We are still reluctant to change the style of the button, we have a visual system with some restrictions that we usually want to bypass for legitimate reasons (such as the one we’re talking about) but we prefer not to do it for the sake of the interface consistency. If the change of location is not enough we might reconsider this last decision.

  • About the popup, totally agree, too many buttons. About the “Locate” button position, in our current tests is being proved useful as it is. We are thinking of adding it also at the sidebar, but in any case, leaving it at the popup. This is how the popup will look (again, new UI applied):

  • The bug with the bin icon is already solved. Good catch!

  • Accessibility: We are in the middle of a complete rework of the whole Penpot’s UI, not only in terms of the look & feel but also at the code level (components, CSS, etc). Some of the issues like the ones that you mentioned are being taken care of with this rework and I’m sure that we’ll still have work to do after that. If you want to keep looking for accessibility issues the best will be to wait for us to finish this UI revamp.

Table use case

Ok, that was unexpected :sweat_smile:, which doesn’t mean it doesn’t make sense. In fact, kind of the opposite. We’ve already had several conversations with designers and PMs from organizations that work with interfaces mainly composed of big and complex tables that need to handle huge amounts of data. The need exists and we feel that there’s an opportunity there to better solve this problem in terms of product design and development. It is not clear though that this should be a Layout option at the same level as FLex and Grid, and we prefer to treat it separately, and that’s why I’ve created this user story including your suggestion.
Fun fact: While discussing this topic, we came up with the idea to add the ability to switch between CSS Grid and Table HTML formatting at the Inspect code panel.
Feel free to add comments there or open a specific post in this Community to open this conversation to more community members.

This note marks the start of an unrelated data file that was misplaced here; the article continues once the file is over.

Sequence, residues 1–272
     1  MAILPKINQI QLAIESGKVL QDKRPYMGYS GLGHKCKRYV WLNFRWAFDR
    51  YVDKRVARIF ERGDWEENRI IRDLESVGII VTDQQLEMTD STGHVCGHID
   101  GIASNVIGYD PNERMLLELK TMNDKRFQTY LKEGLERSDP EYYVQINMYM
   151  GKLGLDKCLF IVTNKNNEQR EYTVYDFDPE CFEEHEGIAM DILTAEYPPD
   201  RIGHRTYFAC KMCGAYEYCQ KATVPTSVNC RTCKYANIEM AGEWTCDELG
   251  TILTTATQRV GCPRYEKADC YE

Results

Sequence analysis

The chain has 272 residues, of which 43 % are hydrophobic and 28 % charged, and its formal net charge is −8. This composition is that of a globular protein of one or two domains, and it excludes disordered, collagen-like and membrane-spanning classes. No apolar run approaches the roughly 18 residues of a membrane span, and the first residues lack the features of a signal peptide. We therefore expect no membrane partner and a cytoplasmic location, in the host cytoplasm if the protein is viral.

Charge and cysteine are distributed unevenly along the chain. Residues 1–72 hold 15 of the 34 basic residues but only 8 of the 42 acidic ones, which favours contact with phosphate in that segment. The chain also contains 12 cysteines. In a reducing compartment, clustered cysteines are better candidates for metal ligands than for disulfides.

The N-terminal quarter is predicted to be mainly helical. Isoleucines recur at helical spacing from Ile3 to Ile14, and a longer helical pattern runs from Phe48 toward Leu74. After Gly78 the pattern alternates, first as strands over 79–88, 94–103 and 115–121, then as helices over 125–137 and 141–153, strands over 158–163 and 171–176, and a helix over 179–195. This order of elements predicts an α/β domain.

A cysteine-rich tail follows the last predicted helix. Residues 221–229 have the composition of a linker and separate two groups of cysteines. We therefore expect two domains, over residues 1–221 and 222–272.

Current progress

We’ve not only digested the feedback but already started implementing some of the suggestions. We have a working file at Penpot with most of your suggested improvements adapted to the new UI and ready to be implemented. This one is public and anyone can take a look at it and leave comments there.

We also have the new UI activated in the Layout Grid test environment (if you’re reading this and are one of our beta-testers, you already had this new UI from the beginning), so now is closer to the way we will release it than while the Hacktoberfest.

No need to say (but I say it) that we’d love to know your thoughts about this iteration. And I’m not talking only to Ege and Juan here, anyone is more than welcome to join this conversation!


These compromises you brought up are a critical point and part of our most basic considerations. The approach of both Penpot’s Flex and Grid layout tries to bridge the gap between design and code through a shared language (wording and manipulation type, as you very well mentioned). With this in mind, I’m also well aware that this is a risky approach because, in some way, it could be said that it goes against the very reason why GUIs exist, which is (sorry for the extreme reductionism) hiding the computer complexity to match users’ mental models. In any case, both are features that are considered optional in a design workflow, you can do perfectly professional work at Penpot without them and under the usual conventions.